Weaving Maiden

Weaving Maiden

The Spider Princess

ALSO KNOWN AS:

Zhi Nu

ORIGIN:

China

Depending on the version of her myth, the Weaving Maiden is either the eldest or youngest of the Jade Emperor’s seven daughters, collectively known as the Seven Sisters or the Seven Fairies. They are star maidens, associated with the Pleiades. (Depending on the version of their legend, their father may be a solar deity or the Kitchen God instead.)

One day, the Seven Sisters descended to Earth to frolic in hot springs. They were observed by a young cowherd called Ox Boy, who stole an item of clothing left on the banks of the spring. When all her sisters flew away home, the Weaving Maiden discovered that without her garment she was stuck and could not fly.

Ox Boy approached and revealed that it was his theft that prevented her departure. Although initially sad, the Weaving Maiden fell madly in love with Ox Boy, and they had two children and lived happily ever after for seven years. After seven years, her father suddenly realized that she was missing, or he changed his mind about human-spirit marriages. Regardless of reasoning, celestial guards were sent to forcibly escort the Weaving Maiden back to Heaven, separating her from her husband and children.

She did not go willingly. The Weaving Maiden wept so bitterly that finally it was decided that the lovers could reunite for one night each year. Once a year, on the Feast of the Double Seventh, magpies build a bridge across the Milky Way and the lovers are permitted to reunite. On the day of the Double Seventh, the Weaving Maiden is particularly sympathetic to lovers: in Chinese folk magic, it’s considered theideal day for love spells and requests for the Weaving Maiden’s blessings of true love.

Another version of the Weaving Maiden’s myth suggests that her marriage to the cowherd was arranged by her father. There was no objection to the marriage per se until the two lovers became so passionately engrossed in each other that they neglected all other responsibilities. The Weaving Maiden is no trivial spirit nor is she an ordinary weaver: her weaving helps maintain universal order. Hsi Wang Mu, Queen Mother of the West, forcibly separated the couple and ordered them back to work.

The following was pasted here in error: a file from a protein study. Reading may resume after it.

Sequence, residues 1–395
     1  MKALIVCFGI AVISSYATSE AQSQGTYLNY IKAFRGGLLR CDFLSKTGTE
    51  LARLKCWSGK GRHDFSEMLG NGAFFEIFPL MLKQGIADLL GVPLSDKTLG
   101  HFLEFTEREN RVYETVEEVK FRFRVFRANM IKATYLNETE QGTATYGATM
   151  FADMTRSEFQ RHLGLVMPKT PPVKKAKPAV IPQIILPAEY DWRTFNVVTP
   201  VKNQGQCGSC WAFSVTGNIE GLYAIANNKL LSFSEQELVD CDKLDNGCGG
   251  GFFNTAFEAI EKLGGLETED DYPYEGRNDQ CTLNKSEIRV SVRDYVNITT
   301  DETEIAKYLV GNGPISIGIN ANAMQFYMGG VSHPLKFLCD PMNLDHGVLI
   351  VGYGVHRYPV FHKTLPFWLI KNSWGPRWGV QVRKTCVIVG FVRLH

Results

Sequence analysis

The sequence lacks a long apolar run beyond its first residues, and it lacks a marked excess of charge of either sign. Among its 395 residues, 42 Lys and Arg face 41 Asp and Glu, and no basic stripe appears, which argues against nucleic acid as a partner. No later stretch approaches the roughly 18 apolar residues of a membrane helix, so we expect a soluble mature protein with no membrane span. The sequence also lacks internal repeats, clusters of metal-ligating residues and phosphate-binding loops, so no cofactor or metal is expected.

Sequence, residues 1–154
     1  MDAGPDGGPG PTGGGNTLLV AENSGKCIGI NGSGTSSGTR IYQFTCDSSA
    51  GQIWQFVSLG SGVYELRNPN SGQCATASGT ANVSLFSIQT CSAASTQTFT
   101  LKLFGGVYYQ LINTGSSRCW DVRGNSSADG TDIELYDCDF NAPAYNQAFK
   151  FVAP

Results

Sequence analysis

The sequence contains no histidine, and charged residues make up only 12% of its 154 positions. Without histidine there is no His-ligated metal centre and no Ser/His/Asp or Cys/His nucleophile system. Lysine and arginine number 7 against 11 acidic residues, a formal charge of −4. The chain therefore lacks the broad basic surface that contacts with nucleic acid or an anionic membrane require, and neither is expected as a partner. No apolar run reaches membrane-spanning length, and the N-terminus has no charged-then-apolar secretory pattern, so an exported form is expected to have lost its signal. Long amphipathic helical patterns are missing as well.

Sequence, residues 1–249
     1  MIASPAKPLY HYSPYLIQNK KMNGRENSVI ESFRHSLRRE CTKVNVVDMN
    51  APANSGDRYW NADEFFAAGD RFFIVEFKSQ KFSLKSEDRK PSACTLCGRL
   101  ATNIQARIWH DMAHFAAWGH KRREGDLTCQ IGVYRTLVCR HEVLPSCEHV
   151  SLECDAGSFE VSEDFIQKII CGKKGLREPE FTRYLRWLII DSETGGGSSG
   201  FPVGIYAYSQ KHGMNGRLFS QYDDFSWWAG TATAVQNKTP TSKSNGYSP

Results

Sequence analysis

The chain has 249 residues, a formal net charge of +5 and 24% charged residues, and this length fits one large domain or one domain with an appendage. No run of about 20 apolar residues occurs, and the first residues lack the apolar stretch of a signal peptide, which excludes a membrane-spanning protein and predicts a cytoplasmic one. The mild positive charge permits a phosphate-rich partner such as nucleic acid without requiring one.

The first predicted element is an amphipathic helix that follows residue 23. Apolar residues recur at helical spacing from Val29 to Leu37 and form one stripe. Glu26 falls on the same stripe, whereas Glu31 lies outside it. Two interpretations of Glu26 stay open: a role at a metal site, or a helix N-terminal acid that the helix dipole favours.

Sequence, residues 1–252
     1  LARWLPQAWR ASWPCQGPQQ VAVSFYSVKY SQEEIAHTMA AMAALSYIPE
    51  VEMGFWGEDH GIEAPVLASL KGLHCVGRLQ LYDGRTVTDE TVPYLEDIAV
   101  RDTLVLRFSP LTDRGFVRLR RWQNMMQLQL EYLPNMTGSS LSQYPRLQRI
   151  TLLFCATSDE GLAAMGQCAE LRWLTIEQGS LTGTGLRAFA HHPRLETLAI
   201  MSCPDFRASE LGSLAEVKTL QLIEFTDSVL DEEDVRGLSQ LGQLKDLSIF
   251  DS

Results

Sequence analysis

The Weaving Maiden blesses people with happy romance and marriages. She gives the gift for which she herself longs. She unites lovers and families and may be petitioned to help discover your soul mate. She is a particularly beloved spirit also invoked for assistance with fertility and healing. Although at the peak of her power and generosity on her feast day, she may be invoked anytime.

How do you know your spirit allies? In general, establishing their identity is a lengthy process of trial and error. The Weaving Maiden, however, is a straightforward spirit who will let you know where you stand with her. This ritual can only be performed on the Feast of the Double Seventh:

• On the morning of the Feast of the Double Seventh, find a spider.

• Using extreme care and caution, very gently place the spider in a box and leave it there for twenty-four hours.

• After twenty-four hours, liberate the spider to go where she will. Examine the box:

» If the spider started a web, the Weaving Maiden likes you.

» The bigger the web, the more she likes you.

» If there’s no web, if the spider escaped without starting a web, or if you were never able to find a spider and so couldn’t perform the ritual, then perhaps another spirit should be considered.

MANIFESTATION:

In human form, the Weaving Maiden is an exceptionally beautiful, sweet, gentle Fairy. You can also see her in the skies as one of the Seven Sisters (the Pleiades) and as Vega, the brightest star in the constellation Lyra across the Milky Way from her lover, now manifest as the star Altair.

Sacred date: Feast of the Double Seventh: the seventh day of the seventh month of the Chinese lunar calendar

Number: 7

Creature: Spider

OFFERINGS:

Cakes, watermelon. She is traditionally given special paper offerings, including paper garments, ornaments, and combs (available before her holiday from vendors catering to traditional Chinese clientele).

SEE ALSO:

Fairy; Hsi Wang Mu; Jade Emperor; Jade Maidens; Kitchen God; Ox Boy; Pleiades

SOURCE:

Encyclopedia of Spirits: The Ultimate Guide to the Magic of Fairies, Genies, Demons, Ghosts, Gods & Goddesses – Written by : Judika Illes Copyright © 2009 by Judika Illes.

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